by Sarah Johnston Miller, Pharm.D., BCNSP (Note from Dr. Wes Wilson: Looking at this question, I felt it would be wise to refer it to a pharmacist who is actively involved in both patient care and in teaching students about such problems. Dr. Sarah Miller is Professor of Clinical Pharmacy at the University of Montana, and is also a consultant at St. Patrick Hospital in Missoula, Montana. Her answer should be helpful.) Q: Which nonprescription drug products for treatment of common cold symptoms should a person with diabetes avoid? A: There is some concern about the effect some nonprescription (over-the-counter) medications may have on blood sugar control. The diabetic patient should always remember that, in general, "sick days" may be associated with fluctuations in blood sugar. This may be related to the stress of being sick, or to changes in dietary intake during illness. Your nonprescription medications may not be at fault at all--but it pays to know. A severe bout of the common cold (a viral illness) could certainly produce "sick days," elevated blood sugars--without any effects from your nonprescription or other medications. When you're sick, test your blood more often. Textbooks may list quite a few classes of potentially-problematic medications, though many of these are in reality not very significant. Regardless, the diabetic patient should always contact their health care provider (physician, diabetes educator, or pharmacist) prior to taking any new nonprescription medication. This includes "lternative"remedies purchased at the health food store or elsewhere; "natural" does not mean "safe from interactions!" You should be cautious that many nonprescription medications, including those targeting symptoms of the common cold, contain multiple ingredients. Another Continue reading >>
Do Allergy Medications And Diabetes Medications Interact?
I heard people with diabetes need to be careful with allergy medications. Are there allergy medications I cannot take with my diabetes medication? Zyrtec® (cetirizine), Claritin® (loratadine), Allegra® (fexofenadine), and Benadryl® (diphenhydramine) are all allergy medications that should not affect your blood sugar when used by themselves. However, these antihistamines are often paired with pseudoephedrine or phenylephrine. Pseudoephedrine and phenylephrine are both decongestants. These two medications can cause an increase in blood sugar when taken with diabetes medication and should be avoided, if possible, in people with diabetes. Be sure to read labels on cold and allergy medications, and be careful when the letter D is added to a medication name, such as Zyrtec-D or Claritin-D. This means that it contains pseudoephedrine. Continue reading >>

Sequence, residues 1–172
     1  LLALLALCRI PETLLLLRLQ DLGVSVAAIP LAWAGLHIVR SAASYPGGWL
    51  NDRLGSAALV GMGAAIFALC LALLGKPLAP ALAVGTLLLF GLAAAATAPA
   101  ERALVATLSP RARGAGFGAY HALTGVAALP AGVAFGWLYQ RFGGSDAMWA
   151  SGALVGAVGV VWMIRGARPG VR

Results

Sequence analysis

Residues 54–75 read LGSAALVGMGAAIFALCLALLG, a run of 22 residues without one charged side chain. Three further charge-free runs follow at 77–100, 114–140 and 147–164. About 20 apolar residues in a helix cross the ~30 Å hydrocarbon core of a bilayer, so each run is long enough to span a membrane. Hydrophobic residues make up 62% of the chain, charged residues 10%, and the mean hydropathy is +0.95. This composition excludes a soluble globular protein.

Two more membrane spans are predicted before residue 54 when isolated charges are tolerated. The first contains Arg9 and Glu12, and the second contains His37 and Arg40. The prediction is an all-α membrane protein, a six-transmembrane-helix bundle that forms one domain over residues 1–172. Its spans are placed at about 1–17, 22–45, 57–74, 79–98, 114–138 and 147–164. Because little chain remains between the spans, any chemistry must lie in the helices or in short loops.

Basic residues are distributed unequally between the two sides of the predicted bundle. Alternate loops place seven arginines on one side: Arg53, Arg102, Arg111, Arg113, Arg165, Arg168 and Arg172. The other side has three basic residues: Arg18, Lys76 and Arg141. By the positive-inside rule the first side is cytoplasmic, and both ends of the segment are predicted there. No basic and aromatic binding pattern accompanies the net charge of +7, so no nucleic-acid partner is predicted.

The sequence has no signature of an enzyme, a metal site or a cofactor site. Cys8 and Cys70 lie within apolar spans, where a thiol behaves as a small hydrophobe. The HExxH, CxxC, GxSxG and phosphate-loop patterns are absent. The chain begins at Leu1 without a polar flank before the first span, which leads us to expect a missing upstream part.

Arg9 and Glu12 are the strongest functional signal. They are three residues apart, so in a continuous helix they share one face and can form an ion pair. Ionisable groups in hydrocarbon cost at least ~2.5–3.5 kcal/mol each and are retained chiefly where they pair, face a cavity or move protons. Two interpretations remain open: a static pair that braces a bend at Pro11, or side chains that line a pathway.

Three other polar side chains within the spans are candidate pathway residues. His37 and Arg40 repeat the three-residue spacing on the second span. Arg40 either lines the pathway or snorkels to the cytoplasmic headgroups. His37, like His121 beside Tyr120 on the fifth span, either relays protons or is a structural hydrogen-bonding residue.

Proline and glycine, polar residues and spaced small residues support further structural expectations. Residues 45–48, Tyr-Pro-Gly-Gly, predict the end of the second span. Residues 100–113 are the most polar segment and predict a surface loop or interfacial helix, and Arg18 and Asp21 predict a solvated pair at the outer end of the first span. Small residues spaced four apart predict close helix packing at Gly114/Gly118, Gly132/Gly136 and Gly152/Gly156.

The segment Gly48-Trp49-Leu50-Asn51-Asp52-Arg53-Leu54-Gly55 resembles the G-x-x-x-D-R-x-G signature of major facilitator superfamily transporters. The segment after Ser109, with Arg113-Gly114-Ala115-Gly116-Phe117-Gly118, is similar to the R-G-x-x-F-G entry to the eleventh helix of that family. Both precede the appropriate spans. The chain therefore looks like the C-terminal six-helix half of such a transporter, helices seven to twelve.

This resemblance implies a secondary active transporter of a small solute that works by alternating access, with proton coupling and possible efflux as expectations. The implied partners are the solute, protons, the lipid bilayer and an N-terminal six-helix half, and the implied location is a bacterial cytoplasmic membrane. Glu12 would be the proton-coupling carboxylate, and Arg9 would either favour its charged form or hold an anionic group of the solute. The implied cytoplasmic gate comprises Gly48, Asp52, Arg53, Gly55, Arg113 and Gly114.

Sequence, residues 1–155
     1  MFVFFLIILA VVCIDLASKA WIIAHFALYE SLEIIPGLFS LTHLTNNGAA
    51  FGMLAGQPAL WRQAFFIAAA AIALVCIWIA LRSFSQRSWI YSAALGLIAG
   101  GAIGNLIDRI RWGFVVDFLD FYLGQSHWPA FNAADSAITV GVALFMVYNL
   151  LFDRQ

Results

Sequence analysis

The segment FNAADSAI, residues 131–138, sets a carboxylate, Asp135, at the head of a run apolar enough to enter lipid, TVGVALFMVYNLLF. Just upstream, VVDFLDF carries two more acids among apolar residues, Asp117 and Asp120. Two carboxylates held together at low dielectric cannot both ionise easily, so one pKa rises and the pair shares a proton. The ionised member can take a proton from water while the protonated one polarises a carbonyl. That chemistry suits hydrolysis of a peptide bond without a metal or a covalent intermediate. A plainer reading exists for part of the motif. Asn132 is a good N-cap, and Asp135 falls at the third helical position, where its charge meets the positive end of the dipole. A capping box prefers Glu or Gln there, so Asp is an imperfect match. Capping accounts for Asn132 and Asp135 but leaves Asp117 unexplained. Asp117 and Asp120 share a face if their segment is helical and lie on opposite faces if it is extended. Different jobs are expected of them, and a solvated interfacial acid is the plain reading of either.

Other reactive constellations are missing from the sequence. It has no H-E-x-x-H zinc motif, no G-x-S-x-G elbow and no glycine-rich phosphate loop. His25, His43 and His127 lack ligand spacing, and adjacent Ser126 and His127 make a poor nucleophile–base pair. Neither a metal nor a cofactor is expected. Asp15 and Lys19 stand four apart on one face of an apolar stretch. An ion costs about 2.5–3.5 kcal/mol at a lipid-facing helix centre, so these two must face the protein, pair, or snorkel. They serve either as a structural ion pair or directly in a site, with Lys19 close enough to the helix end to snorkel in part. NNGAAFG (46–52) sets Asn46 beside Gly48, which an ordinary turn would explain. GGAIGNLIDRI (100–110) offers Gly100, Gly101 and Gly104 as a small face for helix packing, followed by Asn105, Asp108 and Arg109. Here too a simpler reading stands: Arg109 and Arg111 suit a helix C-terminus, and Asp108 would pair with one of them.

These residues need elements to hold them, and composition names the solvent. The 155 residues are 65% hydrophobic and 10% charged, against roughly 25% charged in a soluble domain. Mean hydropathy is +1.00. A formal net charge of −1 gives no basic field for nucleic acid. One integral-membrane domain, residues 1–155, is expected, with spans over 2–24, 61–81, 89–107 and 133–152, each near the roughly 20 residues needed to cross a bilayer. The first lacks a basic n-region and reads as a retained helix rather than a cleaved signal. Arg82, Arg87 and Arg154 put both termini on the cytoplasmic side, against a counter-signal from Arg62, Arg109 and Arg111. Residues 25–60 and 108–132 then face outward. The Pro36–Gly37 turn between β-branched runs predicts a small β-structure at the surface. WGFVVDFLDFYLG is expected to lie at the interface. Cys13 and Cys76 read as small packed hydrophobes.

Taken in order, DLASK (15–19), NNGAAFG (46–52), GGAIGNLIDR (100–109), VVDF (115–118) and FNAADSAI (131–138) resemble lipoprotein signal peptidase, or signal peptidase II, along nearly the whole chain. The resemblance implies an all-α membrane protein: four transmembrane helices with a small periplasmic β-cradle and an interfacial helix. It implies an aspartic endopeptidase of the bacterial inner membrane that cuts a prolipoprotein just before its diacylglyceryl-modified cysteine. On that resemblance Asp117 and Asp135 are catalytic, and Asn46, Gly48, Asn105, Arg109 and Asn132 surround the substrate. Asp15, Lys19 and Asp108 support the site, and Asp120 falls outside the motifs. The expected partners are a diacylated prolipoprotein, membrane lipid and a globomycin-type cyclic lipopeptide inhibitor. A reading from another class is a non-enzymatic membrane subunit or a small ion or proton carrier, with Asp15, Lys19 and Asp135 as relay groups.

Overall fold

Can Allergies Raise Glucose Level?
Registration is fast, simple and absolutely free so please,join our community todayto contribute and support the site. This topic is now archived and is closed to further replies. For the past wk, with the advent of spring (and pollen, mold, etc, to which I am allergic), my glucose levels have run almost twice as hi as normal, even with eating less and injecting more. I even switched to new bottles of insulin to see if that were the cause (it wasn't). Can allergies cause glucose level to be higher? Can immune activation raise glucose levels? If antihistamines treat the symptoms but not the cause (immune activation), then they won't help glucose levels return to normal, right? Has anyone else noticed this connection? Les Part of the body's natural allergic response is to produce cortisol (which is a steroid). The intent in the body is to reduce inflamation, but it has the unfortunate effect of causing elevated BG.. the effect varies. The last time I dealt with this I was having scary high numbers. Antihistamines don't treat the symptoms, they actually do help to reduce the response. My CDE recently turned me on to using flonase to reduce my nasal symptoms, which seems to be the source of the typical seasonal allergy cascade for me.. I was skeptical about adding a steroid into the mix, but since it's localized it does seem to help without a huge impact on my BG. If I am having more systemic allergy issues, nothing really helps... I have to bump up the insulin a LOT. I believe they can. When your immune system is activated trying to fight off an attack, your body releases cortisol....which raises blood sugar. I have chronic autoimmune hives that were in full force from last may until just recently and my blood sugars were crazy the whole time (and I had tons of antihistim Continue reading >>